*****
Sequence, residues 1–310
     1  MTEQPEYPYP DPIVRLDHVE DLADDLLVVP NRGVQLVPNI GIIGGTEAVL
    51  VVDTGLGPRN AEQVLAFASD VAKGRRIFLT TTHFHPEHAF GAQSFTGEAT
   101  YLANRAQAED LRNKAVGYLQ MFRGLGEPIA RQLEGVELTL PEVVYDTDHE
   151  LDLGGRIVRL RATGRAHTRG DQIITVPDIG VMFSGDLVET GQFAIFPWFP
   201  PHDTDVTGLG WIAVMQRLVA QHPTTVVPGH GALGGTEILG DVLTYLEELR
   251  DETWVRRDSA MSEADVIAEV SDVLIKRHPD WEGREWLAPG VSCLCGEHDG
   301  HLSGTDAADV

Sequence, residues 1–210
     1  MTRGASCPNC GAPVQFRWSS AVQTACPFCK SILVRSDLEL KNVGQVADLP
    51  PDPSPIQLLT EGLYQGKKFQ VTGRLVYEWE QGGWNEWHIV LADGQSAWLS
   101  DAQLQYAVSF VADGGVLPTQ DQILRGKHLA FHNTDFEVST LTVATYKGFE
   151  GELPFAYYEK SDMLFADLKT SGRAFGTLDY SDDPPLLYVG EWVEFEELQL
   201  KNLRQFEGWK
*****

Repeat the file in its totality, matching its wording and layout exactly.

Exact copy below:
Sequence, residues 1–310
     1  MTEQPEYPYP DPIVRLDHVE DLADDLLVVP NRGVQLVPNI GIIGGTEAVL
    51  VVDTGLGPRN AEQVLAFASD VAKGRRIFLT TTHFHPEHAF GAQSFTGEAT
   101  YLANRAQAED LRNKAVGYLQ MFRGLGEPIA RQLEGVELTL PEVVYDTDHE
   151  LDLGGRIVRL RATGRAHTRG DQIITVPDIG VMFSGDLVET GQFAIFPWFP
   201  PHDTDVTGLG WIAVMQRLVA QHPTTVVPGH GALGGTEILG DVLTYLEELR
   251  DETWVRRDSA MSEADVIAEV SDVLIKRHPD WEGREWLAPG VSCLCGEHDG
   301  HLSGTDAADV

Sequence, residues 1–210
     1  MTRGASCPNC GAPVQFRWSS AVQTACPFCK SILVRSDLEL KNVGQVADLP
    51  PDPSPIQLLT EGLYQGKKFQ VTGRLVYEWE QGGWNEWHIV LADGQSAWLS
   101  DAQLQYAVSF VADGGVLPTQ DQILRGKHLA FHNTDFEVST LTVATYKGFE
   151  GELPFAYYEK SDMLFADLKT SGRAFGTLDY SDDPPLLYVG EWVEFEELQL
   201  KNLRQFEGWK